Another challenge is how to observe family interactions and monitor children’s progress using technology as some people — especially young children — may be distracted or feel embarrassed when using the technology, and so do not behave as they usually would. When working with families, encourage them to make home videos of different family interactions, and analyse them with the parents (e.g., comment on what you observe in the recorded interactions). 

Change might be stressful

Change might be stressful, however, professional stress can be prevented. Connecting with other colleagues in learning communities and supervisory groups can be a good way to reflect on your experiences with the families you work with, but also to reflect on your own beliefs, attitudes, knowledge and skills related to using telehealth resources with families. Building professional self-esteem and belonging to a professional community may help health-care professionals to feel more resilient and aware of both their own needs and those of the families they work with.

Opportunities for use beyond the pandemic

When we started using telehealth resources in Serbia, we found ourselves thinking of opportunities where telehealth could be incorporated beyond the pandemic. For example, families may temporarily be in  situations where they cannot receive health-care workers in their homes — when one of the family members has an illness or the apartment is being renovated etc. In other cases, some family members cannot be present during home visits (i.e., they may be absent because of work, or may be in another country or city). Alternatively, families may live in a context that creates barriers for the implementation of home visits. For example, they may live in remote, poorly accessible places, or they may have moved to another city. Telehealth resources allow health-care workers not to delay the visit if a family needs support, and allow you to send the family a message that you, as a health-care worker, are with them and are available in different ways that suit their current life circumstances.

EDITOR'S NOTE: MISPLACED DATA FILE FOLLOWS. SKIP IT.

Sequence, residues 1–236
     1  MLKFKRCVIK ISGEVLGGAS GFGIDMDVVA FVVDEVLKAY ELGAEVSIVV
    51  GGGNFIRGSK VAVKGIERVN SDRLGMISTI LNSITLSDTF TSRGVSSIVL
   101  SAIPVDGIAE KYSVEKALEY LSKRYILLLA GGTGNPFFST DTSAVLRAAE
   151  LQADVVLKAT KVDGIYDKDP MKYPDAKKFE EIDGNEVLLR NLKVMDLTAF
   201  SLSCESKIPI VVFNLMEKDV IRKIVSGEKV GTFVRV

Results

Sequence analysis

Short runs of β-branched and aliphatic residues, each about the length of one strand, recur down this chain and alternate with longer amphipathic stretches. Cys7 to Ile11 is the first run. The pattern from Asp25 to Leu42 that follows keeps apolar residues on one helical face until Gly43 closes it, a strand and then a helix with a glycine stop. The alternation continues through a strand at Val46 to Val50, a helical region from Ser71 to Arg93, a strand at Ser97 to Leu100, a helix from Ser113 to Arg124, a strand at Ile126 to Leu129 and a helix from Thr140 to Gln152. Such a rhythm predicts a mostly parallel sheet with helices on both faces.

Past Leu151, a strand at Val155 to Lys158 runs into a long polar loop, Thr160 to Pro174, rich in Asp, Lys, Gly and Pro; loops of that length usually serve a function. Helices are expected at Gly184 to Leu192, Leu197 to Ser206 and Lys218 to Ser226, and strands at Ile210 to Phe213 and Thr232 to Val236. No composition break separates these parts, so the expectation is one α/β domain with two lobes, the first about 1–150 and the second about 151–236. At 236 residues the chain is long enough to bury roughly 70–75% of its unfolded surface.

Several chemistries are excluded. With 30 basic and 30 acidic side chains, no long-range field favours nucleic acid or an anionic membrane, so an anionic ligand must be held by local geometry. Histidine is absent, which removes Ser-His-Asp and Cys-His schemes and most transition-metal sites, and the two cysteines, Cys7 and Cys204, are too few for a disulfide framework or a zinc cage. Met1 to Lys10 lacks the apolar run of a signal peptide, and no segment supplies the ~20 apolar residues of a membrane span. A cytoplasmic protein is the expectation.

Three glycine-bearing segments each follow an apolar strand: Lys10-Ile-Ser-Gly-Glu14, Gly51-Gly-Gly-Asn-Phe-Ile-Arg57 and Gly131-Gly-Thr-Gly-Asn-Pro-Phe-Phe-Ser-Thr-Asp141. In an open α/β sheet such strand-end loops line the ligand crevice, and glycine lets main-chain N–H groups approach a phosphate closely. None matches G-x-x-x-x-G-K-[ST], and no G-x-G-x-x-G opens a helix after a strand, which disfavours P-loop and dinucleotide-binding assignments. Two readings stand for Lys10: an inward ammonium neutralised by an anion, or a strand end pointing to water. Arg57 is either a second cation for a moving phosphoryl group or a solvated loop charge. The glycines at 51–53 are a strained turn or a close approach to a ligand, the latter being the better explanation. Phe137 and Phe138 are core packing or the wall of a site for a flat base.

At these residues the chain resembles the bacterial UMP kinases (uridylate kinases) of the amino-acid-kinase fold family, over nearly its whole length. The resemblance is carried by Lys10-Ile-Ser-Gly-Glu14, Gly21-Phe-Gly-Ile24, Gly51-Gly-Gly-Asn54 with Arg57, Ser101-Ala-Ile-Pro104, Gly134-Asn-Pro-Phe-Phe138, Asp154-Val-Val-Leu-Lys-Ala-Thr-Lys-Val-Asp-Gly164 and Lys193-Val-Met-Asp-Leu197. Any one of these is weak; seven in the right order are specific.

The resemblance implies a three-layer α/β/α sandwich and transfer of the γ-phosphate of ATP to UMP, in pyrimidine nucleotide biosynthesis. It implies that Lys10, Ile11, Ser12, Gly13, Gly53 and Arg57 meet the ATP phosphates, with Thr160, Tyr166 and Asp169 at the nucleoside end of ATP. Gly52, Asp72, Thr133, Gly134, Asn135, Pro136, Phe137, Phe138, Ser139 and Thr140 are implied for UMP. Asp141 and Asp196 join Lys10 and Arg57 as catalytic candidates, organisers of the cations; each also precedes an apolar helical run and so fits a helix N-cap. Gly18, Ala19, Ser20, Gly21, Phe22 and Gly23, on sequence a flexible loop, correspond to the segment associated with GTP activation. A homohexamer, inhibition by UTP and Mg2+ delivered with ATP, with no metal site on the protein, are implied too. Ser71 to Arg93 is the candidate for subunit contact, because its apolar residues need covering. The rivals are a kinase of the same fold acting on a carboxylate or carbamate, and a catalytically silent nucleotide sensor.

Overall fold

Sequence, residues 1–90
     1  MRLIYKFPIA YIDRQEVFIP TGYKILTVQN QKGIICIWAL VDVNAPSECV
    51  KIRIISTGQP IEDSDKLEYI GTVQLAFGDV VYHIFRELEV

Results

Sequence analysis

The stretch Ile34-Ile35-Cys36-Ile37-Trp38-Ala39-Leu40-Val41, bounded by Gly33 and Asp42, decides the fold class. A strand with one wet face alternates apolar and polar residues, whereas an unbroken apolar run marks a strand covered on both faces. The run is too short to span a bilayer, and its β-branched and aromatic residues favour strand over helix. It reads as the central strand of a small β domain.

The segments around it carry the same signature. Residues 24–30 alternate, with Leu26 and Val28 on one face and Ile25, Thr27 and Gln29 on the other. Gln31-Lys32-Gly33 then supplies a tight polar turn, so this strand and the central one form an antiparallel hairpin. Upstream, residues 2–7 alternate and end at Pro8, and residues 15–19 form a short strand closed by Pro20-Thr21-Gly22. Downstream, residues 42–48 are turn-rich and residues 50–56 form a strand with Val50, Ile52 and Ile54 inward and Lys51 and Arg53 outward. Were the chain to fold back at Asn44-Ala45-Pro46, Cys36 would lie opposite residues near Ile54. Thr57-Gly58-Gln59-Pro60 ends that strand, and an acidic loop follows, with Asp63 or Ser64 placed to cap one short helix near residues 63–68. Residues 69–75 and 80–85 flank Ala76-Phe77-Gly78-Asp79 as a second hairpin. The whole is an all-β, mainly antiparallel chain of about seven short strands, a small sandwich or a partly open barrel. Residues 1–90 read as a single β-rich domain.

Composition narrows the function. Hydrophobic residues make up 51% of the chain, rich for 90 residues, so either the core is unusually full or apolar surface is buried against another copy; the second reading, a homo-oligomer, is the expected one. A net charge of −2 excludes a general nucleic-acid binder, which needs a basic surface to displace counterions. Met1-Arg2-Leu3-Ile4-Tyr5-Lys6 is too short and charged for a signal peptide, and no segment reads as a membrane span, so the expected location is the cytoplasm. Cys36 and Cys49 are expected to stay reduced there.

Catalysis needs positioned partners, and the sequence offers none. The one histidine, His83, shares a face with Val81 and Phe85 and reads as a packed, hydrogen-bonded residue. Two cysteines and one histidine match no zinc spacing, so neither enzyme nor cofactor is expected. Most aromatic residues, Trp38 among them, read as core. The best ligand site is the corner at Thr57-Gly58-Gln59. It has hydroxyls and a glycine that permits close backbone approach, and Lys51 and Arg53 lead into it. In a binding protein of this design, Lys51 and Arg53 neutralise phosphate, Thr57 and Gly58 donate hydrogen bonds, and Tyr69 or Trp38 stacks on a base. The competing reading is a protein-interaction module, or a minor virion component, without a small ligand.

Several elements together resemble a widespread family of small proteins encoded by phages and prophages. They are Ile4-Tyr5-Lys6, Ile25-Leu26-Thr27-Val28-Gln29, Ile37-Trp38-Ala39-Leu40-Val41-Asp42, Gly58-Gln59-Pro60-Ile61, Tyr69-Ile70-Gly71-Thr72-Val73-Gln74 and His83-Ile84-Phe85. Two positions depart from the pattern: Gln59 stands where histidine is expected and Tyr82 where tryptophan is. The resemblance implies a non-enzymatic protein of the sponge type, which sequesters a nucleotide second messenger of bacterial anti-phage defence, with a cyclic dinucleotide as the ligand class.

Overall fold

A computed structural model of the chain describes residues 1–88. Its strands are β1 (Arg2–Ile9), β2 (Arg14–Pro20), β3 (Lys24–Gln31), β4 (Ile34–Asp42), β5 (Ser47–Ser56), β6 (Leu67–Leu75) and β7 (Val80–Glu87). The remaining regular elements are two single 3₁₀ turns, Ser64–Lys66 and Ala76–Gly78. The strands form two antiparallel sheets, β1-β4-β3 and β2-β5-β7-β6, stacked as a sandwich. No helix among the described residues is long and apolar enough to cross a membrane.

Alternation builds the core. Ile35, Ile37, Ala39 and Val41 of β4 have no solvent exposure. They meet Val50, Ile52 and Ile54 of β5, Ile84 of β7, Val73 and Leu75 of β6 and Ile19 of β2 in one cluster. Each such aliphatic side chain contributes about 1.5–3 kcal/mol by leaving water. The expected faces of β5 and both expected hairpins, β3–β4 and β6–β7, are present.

The best results come from a blended approach

Finally, it is important to remember that while families are often willing and able to use technology to connect with home visitors, they usually prefer having you by their side, in their homes whenever possible. Thus, telehealth resources must not completely replace working directly with families in their homes. You will achieve the best results using a blended approach — combining resources and approaches in the ways that meet the individual family’s needs.



Ivana Mihić is a psychologist with PhD in developmental psychology and family relations. She teaches licensed courses for the professional development of home visiting nurses, ECEC staff and social workers in the area of early childhood development and parenting. Her research interests are focused on the development of evidence-based practice in ECD, family and parenting support programs. <

She has been participating in numerous projects supported by UNICEF in the area of early childhood development, early intervention and early childhood education and care (as a researcher, consultant, trainer and supervisor for home visiting nurses and other health care professionals, ECEC staff, and providers of child protection services). She is the author, or co-author of several evidence based early childhood and parenting support programs.